We huddled around my laptop, with it's stinkin' stop-go almost live coverage of yesterday's amazing events, and my eyes kept ping-ponging between my children and my President. And then I would cry and laugh and do a little dance that was no where near as graceful as the Obamas' fancy footwork at the Neighborhood Ball.
Just before bed, the boys and I sat down to write letters of congratulations to the 44th President of the United States of America.
"I am a little worried about him," Noah said as we sat along the coffee table. "He didn't smile much today."
"It is a big responsibility. He has a whole lot of work that he has to do now. I think we saw the weight of that today," I responded.
It was one of those moments when I realized that Noah is growing up. He did not ask "what work?" He did not look perplexed at the notion of it being a job that comes with heavy burdens.
There was an understanding in his silence, a sense of that strange emotion that happens when hope and fear collide.
He took out his pencil and wrote a simple, matter of fact letter. It included a line of congratulations. A vote of confidence. A laundry list of what he would like to see accomplished (1. end war 2. help more people who really need it 3. build better schools-- and by that I don't mean actual buildings). Thank you, my son added, for being who you are.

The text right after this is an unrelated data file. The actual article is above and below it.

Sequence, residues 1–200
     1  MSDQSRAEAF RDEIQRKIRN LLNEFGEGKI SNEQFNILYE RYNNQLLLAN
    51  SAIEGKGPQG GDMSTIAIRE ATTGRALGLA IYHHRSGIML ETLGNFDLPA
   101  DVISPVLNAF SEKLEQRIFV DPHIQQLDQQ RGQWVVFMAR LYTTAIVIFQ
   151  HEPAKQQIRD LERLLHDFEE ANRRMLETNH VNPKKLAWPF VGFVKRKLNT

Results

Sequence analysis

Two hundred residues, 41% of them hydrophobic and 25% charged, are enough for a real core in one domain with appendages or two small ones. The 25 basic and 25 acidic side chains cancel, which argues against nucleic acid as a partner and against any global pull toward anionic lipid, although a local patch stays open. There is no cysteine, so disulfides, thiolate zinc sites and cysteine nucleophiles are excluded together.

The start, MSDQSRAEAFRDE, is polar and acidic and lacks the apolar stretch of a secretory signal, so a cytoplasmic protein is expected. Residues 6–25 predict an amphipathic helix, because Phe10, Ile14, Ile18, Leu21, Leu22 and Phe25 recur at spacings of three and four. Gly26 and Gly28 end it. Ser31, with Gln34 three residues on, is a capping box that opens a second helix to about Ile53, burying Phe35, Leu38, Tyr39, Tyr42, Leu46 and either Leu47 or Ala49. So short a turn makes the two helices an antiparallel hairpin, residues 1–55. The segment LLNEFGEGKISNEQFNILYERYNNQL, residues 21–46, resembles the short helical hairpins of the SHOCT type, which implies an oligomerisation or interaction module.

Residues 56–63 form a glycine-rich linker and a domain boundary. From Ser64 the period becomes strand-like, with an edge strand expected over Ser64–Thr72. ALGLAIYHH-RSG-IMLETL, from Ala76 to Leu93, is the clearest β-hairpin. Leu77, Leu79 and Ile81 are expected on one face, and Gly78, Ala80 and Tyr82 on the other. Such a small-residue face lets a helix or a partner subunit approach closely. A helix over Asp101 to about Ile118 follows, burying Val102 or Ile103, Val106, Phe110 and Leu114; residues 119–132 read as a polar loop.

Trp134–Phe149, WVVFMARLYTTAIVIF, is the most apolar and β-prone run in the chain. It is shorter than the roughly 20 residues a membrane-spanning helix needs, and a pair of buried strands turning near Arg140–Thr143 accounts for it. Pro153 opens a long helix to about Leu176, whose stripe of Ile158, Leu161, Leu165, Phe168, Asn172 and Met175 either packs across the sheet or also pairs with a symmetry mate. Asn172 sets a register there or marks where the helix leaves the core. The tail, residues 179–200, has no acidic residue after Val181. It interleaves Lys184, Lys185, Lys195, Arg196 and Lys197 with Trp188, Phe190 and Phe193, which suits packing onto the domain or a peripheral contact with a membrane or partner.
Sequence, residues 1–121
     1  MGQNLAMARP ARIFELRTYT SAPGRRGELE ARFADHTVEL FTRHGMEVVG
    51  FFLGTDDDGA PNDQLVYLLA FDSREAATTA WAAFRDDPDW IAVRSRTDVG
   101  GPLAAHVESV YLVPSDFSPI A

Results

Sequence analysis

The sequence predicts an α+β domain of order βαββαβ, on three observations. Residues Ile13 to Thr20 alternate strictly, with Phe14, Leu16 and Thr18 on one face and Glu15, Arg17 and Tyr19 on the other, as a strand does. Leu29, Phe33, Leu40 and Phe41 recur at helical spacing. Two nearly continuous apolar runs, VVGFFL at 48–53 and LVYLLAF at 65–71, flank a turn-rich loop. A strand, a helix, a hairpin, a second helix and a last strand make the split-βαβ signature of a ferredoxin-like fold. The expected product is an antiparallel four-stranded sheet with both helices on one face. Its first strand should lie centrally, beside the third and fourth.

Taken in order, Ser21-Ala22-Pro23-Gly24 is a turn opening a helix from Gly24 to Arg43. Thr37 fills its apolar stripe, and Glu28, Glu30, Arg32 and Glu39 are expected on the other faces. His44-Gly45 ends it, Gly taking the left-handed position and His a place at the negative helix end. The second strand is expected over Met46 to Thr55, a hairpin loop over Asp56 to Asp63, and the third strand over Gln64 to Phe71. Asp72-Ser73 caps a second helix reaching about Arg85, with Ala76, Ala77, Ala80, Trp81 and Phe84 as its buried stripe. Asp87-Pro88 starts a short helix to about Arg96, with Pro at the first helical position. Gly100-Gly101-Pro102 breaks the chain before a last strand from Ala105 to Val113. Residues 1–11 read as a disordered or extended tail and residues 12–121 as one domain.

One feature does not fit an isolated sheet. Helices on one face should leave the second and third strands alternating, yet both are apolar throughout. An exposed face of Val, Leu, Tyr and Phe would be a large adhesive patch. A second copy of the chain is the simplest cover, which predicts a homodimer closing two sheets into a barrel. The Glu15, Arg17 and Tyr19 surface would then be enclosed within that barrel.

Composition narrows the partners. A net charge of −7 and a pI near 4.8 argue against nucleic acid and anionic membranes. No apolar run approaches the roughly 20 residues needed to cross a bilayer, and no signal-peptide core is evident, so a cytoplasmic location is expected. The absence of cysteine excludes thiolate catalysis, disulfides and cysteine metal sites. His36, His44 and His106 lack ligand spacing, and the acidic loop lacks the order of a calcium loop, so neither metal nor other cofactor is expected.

Max, at four, was to the point in his scribble/draw/dictation:
"I am glad you won (*in the spirit of the day, mom edited out the 'and beat that old McCain...,' and also the 'did you ever see the Palin rap from that late night tv show?). I hope someday we can ride the subway together, because it is the most funest thing to do in Washington, DC. Trust me. I did it before. Love, Max"
And as I continued to cry and laugh and get up to dance, I wrote this:
Dear President Obama,
Today, I sat with my children and listened to you as you accepted your position as leader of our nation. Outside, the blue sky and white snow seemed to reflect, one off the other, so that our yard was filled with light. Inside, my three young ones gathered around my lap, each smiling, and cheering and watching with unmistakable trust and joy as they listened to your words of hope, your call to action, your celebration of living a new dawn, a new day.
Tonight, I can only say thank you. Thank you, Mr. President, for giving us back our country, and even more than that, thank you for expecting more from all of us. I am a mother, and so to know that the leader of our country is a man who values the emotional, physical, spiritual, and mental needs of all the world’s children; it fills me with gratitude and a renewed sense of responsibility. Thank you, Mr. President, for being someone that will continue to inspire and engage my children as they grow and learn about service, ethics, and following dreams.
All the best to you,
A new day.
A new day.